Wednesday , October 16, 2013 - 6:42 AM
OGDEN — Weber County Commissioners approved the Summit-Eden Community Development Project Area plan Tuesday that is expected to transform Powder Mountain and breath new economic vitality into both the upper and lower Ogden Valleys.
According to Douglas Larsen, executive director for Weber Economic Development Partnership, the 20-year CDA has been over a year in the making and will roll out in several phases, ultimately increasing property tax revenue generated by development of 6,277 mountainside acres from the current $12,000 per year to a possible $14 million at full build-out.
During the CDA’s first decade, a proposed 75 percent of the increased property tax revenue would fund project infrastructure. That amount would decrease to 50 percent during years 11 through 20. Even so, participating taxing entities are expected to receive an annual average of $3.5 million during the term of the CDA, Larsen said.
The project is expected to add 700-plus construction jobs over 18 years, 1,000 resort and Summit community-related positions and about 2,000 indirect jobs, Larsen said, adding that construction investments will exceed $1 billion.
“So, big numbers, big return,” Larsen said.
Bonneville Research, a Salt Lake City-based consulting firm, prepared a benefit analysis for the project. If all four phases reach completion, the development will add a total of 1,000 single and multi-family dwelling units along with 290,000 square feet of commercial space, the study said.
Developing a mountain brings big challenges in constructing public improvements that include roads, bridges, water, sewer, power and other utilities — hence the need for tax increment financing, which is expected to funnel $98 million back into the project over 20 years, the study said.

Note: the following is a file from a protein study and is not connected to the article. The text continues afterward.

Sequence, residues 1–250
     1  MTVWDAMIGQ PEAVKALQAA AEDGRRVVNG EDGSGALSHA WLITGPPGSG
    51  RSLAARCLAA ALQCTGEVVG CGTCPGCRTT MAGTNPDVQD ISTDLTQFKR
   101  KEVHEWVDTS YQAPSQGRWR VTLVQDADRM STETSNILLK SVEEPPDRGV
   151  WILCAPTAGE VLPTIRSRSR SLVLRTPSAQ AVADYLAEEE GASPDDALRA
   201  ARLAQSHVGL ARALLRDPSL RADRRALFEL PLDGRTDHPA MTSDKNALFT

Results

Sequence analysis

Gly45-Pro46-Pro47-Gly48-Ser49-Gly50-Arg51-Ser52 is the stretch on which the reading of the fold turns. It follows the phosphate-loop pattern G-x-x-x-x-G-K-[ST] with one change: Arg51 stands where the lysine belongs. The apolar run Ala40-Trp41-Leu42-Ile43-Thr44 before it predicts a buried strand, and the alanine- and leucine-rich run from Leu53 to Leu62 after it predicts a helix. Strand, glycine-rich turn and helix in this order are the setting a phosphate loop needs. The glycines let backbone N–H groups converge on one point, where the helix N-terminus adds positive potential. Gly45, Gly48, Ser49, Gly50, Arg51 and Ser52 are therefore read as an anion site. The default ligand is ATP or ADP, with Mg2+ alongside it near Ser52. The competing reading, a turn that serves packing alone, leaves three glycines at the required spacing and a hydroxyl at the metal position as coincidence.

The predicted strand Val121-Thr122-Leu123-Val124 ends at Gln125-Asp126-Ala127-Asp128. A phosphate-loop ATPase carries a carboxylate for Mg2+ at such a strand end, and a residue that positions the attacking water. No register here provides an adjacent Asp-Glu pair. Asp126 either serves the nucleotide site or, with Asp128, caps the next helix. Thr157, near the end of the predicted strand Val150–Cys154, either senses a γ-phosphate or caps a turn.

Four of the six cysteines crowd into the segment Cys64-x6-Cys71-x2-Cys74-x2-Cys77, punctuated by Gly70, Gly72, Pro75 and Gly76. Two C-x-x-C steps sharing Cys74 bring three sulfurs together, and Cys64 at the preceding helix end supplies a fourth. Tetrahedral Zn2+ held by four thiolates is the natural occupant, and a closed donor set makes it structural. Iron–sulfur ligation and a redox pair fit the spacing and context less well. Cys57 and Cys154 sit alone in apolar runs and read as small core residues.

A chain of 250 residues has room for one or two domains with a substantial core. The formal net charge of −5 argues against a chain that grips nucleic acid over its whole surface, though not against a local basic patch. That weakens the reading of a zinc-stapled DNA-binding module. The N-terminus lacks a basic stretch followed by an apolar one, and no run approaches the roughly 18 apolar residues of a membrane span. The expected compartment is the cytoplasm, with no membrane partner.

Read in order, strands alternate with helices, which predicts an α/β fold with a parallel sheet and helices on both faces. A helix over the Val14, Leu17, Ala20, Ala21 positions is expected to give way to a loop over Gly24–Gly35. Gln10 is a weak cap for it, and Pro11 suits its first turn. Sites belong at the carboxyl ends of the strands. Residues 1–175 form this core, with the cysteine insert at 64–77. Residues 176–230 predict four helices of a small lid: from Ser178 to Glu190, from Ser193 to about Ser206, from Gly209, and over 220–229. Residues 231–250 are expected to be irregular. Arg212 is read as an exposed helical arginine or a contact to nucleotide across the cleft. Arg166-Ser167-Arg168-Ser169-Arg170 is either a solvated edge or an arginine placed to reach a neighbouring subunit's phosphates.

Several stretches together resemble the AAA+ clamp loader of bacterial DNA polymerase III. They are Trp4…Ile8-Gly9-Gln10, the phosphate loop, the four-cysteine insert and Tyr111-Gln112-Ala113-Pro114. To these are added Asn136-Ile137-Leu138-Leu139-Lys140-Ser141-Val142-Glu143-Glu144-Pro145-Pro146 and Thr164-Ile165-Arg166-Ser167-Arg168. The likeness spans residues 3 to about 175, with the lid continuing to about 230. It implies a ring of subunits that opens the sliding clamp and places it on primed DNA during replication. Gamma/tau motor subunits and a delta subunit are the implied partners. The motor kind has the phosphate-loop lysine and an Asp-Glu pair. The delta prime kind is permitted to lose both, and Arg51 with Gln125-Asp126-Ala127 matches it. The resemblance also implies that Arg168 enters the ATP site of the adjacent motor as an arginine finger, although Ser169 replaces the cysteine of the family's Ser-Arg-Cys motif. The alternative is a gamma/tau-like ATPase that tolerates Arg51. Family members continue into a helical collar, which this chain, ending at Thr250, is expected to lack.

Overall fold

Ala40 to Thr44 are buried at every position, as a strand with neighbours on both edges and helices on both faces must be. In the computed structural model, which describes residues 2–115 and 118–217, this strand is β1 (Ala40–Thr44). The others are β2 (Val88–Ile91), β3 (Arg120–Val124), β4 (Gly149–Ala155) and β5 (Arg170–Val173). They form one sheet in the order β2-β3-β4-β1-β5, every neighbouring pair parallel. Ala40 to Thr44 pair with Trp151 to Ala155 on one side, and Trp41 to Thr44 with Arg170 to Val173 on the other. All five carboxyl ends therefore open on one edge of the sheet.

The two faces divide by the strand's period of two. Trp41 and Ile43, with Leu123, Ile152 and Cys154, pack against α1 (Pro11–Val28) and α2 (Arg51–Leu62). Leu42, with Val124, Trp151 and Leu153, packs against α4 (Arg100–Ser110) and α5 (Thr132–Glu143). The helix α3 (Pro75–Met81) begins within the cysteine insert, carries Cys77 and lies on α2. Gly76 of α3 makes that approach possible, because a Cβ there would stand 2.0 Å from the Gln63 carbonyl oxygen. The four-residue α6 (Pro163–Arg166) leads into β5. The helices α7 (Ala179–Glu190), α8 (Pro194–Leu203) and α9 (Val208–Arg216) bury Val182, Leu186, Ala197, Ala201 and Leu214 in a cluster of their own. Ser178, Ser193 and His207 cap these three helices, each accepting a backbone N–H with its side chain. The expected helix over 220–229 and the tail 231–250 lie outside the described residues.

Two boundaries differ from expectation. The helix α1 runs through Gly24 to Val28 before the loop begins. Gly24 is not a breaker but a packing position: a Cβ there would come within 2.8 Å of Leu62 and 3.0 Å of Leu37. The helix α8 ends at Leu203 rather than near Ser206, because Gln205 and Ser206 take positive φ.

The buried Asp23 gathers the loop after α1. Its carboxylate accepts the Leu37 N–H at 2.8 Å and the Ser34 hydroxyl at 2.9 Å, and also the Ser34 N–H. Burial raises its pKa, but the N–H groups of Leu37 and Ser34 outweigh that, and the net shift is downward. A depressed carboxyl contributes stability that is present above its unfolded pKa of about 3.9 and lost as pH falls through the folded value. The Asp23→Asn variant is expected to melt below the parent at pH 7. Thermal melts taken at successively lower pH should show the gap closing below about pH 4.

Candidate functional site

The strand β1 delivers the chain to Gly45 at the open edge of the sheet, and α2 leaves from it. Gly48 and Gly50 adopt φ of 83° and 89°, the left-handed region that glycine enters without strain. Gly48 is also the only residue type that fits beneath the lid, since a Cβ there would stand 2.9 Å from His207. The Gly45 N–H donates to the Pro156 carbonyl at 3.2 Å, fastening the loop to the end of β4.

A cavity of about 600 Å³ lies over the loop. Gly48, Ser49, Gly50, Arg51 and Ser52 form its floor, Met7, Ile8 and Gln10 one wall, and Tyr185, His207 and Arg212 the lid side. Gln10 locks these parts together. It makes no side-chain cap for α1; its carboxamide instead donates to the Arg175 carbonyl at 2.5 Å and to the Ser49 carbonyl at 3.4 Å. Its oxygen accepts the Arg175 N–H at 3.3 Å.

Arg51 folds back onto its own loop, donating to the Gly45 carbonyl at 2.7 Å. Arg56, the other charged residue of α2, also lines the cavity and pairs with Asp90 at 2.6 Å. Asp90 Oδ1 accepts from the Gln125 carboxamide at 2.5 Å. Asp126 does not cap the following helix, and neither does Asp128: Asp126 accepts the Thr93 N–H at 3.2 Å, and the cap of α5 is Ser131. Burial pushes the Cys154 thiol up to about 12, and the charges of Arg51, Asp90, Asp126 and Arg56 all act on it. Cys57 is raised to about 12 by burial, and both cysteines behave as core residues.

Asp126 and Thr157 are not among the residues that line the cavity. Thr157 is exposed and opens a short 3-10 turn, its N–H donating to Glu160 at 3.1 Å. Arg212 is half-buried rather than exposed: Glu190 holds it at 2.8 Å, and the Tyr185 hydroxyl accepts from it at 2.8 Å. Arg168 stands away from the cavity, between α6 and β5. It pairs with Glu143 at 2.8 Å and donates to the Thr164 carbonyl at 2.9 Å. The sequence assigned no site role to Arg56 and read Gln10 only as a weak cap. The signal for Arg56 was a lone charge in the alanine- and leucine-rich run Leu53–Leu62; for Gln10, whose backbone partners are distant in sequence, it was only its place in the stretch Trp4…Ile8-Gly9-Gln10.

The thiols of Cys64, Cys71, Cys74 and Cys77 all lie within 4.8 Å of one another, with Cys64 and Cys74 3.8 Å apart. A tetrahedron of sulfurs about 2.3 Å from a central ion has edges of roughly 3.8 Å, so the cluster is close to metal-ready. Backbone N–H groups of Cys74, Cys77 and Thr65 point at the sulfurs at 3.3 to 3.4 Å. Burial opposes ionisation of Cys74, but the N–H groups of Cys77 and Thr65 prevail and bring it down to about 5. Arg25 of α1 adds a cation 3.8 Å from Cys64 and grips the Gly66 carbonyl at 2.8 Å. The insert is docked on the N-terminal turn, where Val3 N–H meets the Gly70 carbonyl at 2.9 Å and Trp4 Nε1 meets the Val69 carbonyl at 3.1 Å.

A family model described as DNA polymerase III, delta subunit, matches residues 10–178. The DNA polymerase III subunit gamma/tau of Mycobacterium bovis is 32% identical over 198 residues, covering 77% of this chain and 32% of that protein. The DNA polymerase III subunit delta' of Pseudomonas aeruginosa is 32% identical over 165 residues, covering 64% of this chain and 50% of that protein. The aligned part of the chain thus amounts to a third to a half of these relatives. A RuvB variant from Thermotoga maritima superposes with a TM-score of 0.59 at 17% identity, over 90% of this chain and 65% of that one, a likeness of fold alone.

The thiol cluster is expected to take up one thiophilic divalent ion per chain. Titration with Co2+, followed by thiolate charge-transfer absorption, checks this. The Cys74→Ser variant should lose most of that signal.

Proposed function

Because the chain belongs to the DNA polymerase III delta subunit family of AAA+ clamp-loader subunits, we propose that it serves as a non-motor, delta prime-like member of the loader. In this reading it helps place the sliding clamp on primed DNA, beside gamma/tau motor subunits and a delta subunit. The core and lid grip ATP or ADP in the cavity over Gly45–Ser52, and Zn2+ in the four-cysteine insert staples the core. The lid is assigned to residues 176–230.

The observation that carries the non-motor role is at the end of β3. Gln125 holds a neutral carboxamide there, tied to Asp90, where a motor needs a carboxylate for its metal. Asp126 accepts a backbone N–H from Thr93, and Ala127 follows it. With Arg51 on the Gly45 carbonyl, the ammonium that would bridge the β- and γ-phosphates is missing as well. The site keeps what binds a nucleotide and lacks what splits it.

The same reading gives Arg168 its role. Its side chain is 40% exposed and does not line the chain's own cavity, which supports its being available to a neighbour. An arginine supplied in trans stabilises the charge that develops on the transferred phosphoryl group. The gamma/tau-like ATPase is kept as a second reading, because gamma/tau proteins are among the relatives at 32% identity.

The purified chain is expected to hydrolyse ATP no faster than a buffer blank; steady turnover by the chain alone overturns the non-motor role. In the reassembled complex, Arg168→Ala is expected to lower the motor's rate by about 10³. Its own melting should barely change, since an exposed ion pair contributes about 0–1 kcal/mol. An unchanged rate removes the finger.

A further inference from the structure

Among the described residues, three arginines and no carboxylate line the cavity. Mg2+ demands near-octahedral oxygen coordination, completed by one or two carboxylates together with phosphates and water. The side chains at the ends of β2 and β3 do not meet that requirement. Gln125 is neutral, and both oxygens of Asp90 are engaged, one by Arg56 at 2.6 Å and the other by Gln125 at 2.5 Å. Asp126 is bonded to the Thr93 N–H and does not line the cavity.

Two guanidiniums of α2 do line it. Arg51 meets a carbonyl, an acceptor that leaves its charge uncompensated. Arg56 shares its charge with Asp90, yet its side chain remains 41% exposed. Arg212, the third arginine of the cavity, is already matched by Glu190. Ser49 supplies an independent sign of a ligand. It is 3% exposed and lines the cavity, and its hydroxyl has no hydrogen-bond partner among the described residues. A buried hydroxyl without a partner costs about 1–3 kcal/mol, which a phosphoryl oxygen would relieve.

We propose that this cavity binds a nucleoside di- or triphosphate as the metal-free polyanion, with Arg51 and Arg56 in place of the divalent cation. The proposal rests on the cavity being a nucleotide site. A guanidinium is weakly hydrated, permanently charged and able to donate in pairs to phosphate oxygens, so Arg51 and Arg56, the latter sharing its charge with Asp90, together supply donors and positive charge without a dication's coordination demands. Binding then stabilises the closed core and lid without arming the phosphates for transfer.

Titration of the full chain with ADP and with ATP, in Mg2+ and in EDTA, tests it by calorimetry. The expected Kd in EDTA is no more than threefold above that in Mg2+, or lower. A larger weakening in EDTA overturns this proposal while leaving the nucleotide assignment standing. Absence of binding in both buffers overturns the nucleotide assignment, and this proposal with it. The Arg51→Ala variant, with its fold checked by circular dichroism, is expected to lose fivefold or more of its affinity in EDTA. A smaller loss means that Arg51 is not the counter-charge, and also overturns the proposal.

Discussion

Tim Wheelwright, president of the Ogden-Weber Chamber of Commerce, lauded the project.
“We see this as a great opportunity to enhance what already exists here in Ogden and Weber County,” Wheelwright said, anticipating that the development will draw people from all over the state and world.
However, at least one resident spoke out about the massive project’s draw on natural resources.
Gay Browning of the nearby Bar B Ranch questioned whether the new well that Summit Mountain Holding Group (SMHG) recently had drilled on the mountain would be sustainable.
Browning asked commissioners for a hydrology report and a pump test that would show how much water the well draws down during pumping and how long it takes to return to its static level.
“We’re in a drought,” Browning said, “and we’re also seeing decreased water levels in our stream just below this area. We have many streams and this well is very deep.”
Greg Mauro, principal and manager for SMHG, said they pay more than a quarter million dollars per year to maintain water rights and have gone through the proper processes for their current well.
“The things she is looking for are things we had to produce as part of bringing this well on,” Mauro said.
The commission’s vote allows negotiations to proceed between the participating taxing entities, which include Weber County, Weber School District and the Powder Mountain Sewer and Water District.
Contact reporter Cathy McKitrick at 801-625-4214 or firstname.lastname@example.org. Follow her on Twitter at @catmck.
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